By 2025, it is predicted there will be 7.2 million international students studying globally. A recent British Council survey of 153,000 international students confirmed opportunities for migration exert an extraordinary impact on the choice of study destination. While students sought a high quality, internationally recognised education, the scope to remain and work was found to massively impact both decisions and expectations. In 1999, following the removal of a three-year eligibility bar , international students became immediately eligible to migrate to Australia. Within six years of the policy change, 52% of skilled migrants were selected onshore. International medical students have funded their own studies to meet Australian requirements. PhotoDu de CreativeDomainPhotography com By 2010, 630,000 international students were enrolled in Australian courses (all fields and sectors). Of these, 18,487 were undertaking health degrees, including over 3,000 medical and 10,000 nursing students. International medical student graduates grew 223% from 1999 to 2009, compared with 52% growth in Australian domestic graduates. International medical students In 2009, the majority of international medical students were enrolled at Monash, Melbourne, Queensland, New South Wales and Sydney universities. Their source countries were highly diverse most notably Malaysia (1,134 students), Singapore (577), Canada (437), the United States (84) and Botswana (74), followed by South Korea, Brunei, Hong Kong, Indonesia and Sri Lanka. These international students achieve stellar rates of immediate employment and are highly attractive to local employers. As demonstrated by yet-to-be-published research conducted for the Medical Deans of Australia, 45% of international students plan to remain in Australia when they commence their studies. By their final year, 78% accept intern places (virtually all those who are not scholarship students sponsored by their home governments). Australias Graduate Destination Survey from 2009-2011 reveals their employment outcomes to be near identical to those achieved by domestic students (99.6% working full-time at four months compared with 99.7%). The source country was almost irrelevant, with 100% of Canadian, US, Malaysian, Indonesian, Taiwanese, Norwegian and Botswanan students fully employed, compared with 97% from Singapore and 89% from China.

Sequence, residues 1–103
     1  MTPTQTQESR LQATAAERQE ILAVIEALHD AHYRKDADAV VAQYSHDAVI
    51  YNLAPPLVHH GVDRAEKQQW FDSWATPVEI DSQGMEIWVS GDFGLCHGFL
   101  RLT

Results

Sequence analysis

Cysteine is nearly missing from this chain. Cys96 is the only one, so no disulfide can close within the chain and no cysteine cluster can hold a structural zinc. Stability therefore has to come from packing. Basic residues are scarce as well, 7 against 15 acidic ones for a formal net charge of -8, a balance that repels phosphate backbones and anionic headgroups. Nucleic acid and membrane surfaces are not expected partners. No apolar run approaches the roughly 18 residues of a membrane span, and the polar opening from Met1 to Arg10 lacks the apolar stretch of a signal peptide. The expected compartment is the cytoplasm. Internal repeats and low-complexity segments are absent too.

Australian government launches telehealth initiative
As part of Prime Minister Julia Gillards $620 million telehealth initiative, the Australian government is funding video hook-ups between medical specialists and patients. The nations Medicare program is offering 50-percent bonuses to specialists who adopt telehealth technology and 35-percent bonuses to doctors, nurses and midwives who participate in video consults with patients. The initiative which Gillard had promised to enact during her election campaign last year has the backing of the Rural Doctors Association of Australia (RDAA), which said it has real potential to improve access to specialists for rural and remote Australians. Currently many rural patients are forced to travel hundreds and even thousands of kilometers for specialist consultations, given the significant shortage of specialists in rural and regional Australia RDAA Vice President Peter Rischbieth told reporters. These patients face significant travel and accommodation costs, and long periods of time away from work, in getting to and from these consultations, which can be required at regular intervals for many conditions. But while offering incentives to providers to implement the technology and rebates to physicians, nurses and midwives for their time spent in consultations, the real question remains: Will providers see enough of a benefit to continue offering telehealth services after the government support dries up? As part of her National Digital Economy Strategy, Gillard is pushing for roughly 500,000 telehealth consultations per year within four years a process expected to be made easier as the nation moves to adopt a National Broadband Network. “The NBN should provide us high availability, high speed connections, which will allow us to conduct both video consultations, look at images such as radiology images and also, with high definition cameras, be able to see high definition images the same as watching a high definition television,” said Nathan Pinskier, a general practitioner in Melbourne who serves as the e-health spokesman for the Royal Australian College of General Practitioners. ‘Tyranny of distance’ While Pinskier was speaking to an Australian television station on Thursday, Gillard, in Darwin in the northern part of the country, and Health Minister Nicola Roxon, far to the south in Adelaide, were demonstrating a telemedicine consult to reporters and film crews. The interviews were part of a flurry of television, print and web news stories released to promote todays launch of the initiative. “I think the change is probably going to be an incremental one but, over time as we understand the utility of telehealth and how it fits into practice, it will make some substantial differences, particularly for patients and consumers in rural and remote locations, where they suffer the tyranny of distance,” Pinskier said. According to the RACGP, 96 percent of the nations doctors use computers for some clinical purpose. To that end, the organization urged its members not to rush out and buy telehealth equipment until it can complete an implementation guide. The group is also working on a set of telehealth standards for its members, which it expects to complete in October. We encourage all GPs to wait for guidance from the College before purchasing equipment or engaging in contractual arrangements with providers, said Mike Civil, chairman of the RACGPs Telehealth Standards Taskforce, in a statement issued last week. The RACGP is currently reviewing the different technologies and connection options to provide a choice from a range of vendor equipment as a means of ensuring interoperability between them. While the Australian Medical Association offered support for the initiative, Vice President Geoffrey Dobb said the organization is concerned that, once the four-year project runs its course and the federal funding concludes, providers will find it too expensive to keep it up or theyll pass the extra costs on to their patients.